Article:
Addressing the belief that COVID-19 vaccination is “not needed”
Some people remain unconvinced that they will benefit from COVID-19 vaccination; some doubt that the benefits will outweigh possible risks. This may be especially true of younger adults (who may consider themselves at low risk of serious illness) and people who have recovered from COVID-19 infection. Some people believe that “natural immunity” following a COVID-19 infection is equal or superior to immunity produced by a vaccine.
- Vaccination is the safest way to help build protection against COVID-19.
- The immune response to a primary vaccine series—especially with mRNA vaccines—typically is stronger and more consistent than the immune response to COVID-19 infection.
- Getting vaccinated helps keep you from getting seriously ill even if you do get COVID-19. Your vaccination also may protect people around you, particularly people at increased risk for severe illness from COVID-19.
- Although many people have no symptoms or mild symptoms of COVID-19, the disease can have serious, life-threatening complications—and there is no way to know how COVID-19 will affect you. If you get sick, you could spread the disease to friends, family, and others around you.
- Even if you’ve had COVID-19, you will get stronger immunity from vaccination and better protection against variants. The level of protection people get from having COVID-19 may vary depending on how mild or severe their illness was, the time since their infection, and their age.
Questions for Exploring Patient Concerns
- What do you know about the differences between immunity produced by COVID-19 infection and immunity produced by a vaccine?
- What do you know about getting a vaccine after having a COVID-19 infection?
- What concerns you most about getting a COVID-19 vaccine?
- What would have to be true for you to think it was important to get a COVID-19 vaccine?
- What if I told you…? (Provide information about the benefits of vaccination versus immunity following COVID-19 illness.)
What We Know
The Centers for Disease Control and Prevention (CDC) currently recommends COVID-19 vaccination for all people 6 months of age and older in the United States. This includes people who have been previously infected with SARS-CoV-2.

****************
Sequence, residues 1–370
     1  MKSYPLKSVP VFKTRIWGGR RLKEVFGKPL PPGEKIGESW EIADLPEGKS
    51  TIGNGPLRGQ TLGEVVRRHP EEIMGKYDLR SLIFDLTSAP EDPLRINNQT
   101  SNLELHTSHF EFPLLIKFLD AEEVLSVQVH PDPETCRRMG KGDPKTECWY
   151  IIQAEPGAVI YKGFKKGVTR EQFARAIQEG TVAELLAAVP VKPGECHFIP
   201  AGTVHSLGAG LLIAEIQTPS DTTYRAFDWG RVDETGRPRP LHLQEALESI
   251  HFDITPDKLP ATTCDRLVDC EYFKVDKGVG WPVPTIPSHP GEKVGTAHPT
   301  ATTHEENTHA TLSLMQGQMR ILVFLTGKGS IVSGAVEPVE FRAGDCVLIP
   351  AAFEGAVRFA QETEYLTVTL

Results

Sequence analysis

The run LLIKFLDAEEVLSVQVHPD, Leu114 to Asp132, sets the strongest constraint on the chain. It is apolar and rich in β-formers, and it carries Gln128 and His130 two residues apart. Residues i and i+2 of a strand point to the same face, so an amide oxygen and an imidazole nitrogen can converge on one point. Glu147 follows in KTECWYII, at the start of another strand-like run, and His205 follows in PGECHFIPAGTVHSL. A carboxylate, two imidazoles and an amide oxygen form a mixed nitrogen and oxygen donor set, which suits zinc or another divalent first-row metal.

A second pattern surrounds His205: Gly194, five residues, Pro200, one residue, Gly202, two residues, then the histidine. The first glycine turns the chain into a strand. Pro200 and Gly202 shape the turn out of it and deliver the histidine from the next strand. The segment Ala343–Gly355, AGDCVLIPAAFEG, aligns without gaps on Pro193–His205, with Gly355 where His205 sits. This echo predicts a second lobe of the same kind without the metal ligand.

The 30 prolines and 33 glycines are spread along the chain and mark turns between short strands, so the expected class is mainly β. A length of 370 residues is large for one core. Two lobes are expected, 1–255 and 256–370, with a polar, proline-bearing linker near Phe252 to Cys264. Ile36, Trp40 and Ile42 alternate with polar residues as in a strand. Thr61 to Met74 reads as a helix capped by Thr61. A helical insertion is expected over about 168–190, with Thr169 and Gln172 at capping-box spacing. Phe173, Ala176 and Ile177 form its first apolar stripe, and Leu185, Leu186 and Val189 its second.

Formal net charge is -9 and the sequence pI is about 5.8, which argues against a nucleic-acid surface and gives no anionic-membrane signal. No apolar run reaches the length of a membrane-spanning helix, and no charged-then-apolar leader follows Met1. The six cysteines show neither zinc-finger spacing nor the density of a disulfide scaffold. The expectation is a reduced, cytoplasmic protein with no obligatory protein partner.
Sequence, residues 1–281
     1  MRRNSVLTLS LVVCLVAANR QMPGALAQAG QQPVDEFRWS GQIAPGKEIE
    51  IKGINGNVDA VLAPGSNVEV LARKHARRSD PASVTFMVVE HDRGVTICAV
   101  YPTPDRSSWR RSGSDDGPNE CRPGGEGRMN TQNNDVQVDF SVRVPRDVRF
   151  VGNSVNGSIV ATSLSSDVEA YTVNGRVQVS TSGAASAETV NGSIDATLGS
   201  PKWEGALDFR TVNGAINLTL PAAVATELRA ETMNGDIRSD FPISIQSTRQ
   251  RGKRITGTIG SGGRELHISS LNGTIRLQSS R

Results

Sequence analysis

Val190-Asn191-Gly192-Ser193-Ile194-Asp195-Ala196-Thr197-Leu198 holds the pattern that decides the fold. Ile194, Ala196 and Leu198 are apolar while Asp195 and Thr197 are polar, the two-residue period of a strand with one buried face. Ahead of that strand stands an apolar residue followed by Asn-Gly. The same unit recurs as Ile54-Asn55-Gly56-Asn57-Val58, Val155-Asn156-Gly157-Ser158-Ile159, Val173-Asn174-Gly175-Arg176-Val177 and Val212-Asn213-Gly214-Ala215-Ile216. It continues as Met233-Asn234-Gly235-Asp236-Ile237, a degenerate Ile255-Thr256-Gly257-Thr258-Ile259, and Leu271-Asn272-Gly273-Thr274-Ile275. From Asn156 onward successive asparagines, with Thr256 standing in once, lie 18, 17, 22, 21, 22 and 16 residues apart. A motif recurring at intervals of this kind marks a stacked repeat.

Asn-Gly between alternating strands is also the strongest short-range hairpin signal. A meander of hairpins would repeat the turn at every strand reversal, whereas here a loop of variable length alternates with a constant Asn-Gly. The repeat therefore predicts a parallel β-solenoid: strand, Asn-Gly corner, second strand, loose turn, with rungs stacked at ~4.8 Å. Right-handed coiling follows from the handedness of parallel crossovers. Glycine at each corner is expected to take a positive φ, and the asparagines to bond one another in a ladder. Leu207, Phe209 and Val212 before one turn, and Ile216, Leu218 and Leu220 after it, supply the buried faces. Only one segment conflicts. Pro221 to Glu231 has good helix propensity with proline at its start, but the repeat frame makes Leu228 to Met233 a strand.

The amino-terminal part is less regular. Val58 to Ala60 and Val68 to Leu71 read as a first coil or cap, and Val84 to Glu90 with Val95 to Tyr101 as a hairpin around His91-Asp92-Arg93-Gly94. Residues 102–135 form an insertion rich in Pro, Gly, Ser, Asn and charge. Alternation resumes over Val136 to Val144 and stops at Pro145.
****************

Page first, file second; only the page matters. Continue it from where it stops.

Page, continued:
Vaccine-Induced Immunity vs. Infection-Induced Immunity. Public health and infectious disease experts agree that vaccination is the preferable and safer choice to build immunity against COVID-19 for people who have not been infected with SARS-CoV-2. The vaccines were designed specifically to generate an effective and reproducible immune response. Serious side effects are known to be both rare and manageable, and long-term side effects are unlikely.
The same cannot be said of COVID-19 illness. Although many people infected with SARS-CoV-2 develop a robust immune response, substantial heterogeneity exists, with a 200-fold difference in peak antibody titers noted in some studies.1,2 The degree of immune protection may be related to both the amount of virus a person is exposed to and the severity of COVID-19 illness, with milder cases offering less protection. COVID-19 can have serious, life-threatening complications, and there is no reliable way to predict whether a person will develop severe disease. Young people are not invulnerable to serious complications; in one study of 3,222 young adults (18 to 34 years of age) in the United States who required hospitalization for COVID-19 early during the pandemic, 684 patients (21%) required intensive care, 331 (10%) required mechanical ventilation, and 88 (2.7%) died.3 And people with milder cases of COVID-19 could spread the disease to family, friends, and others who might be at greater risk.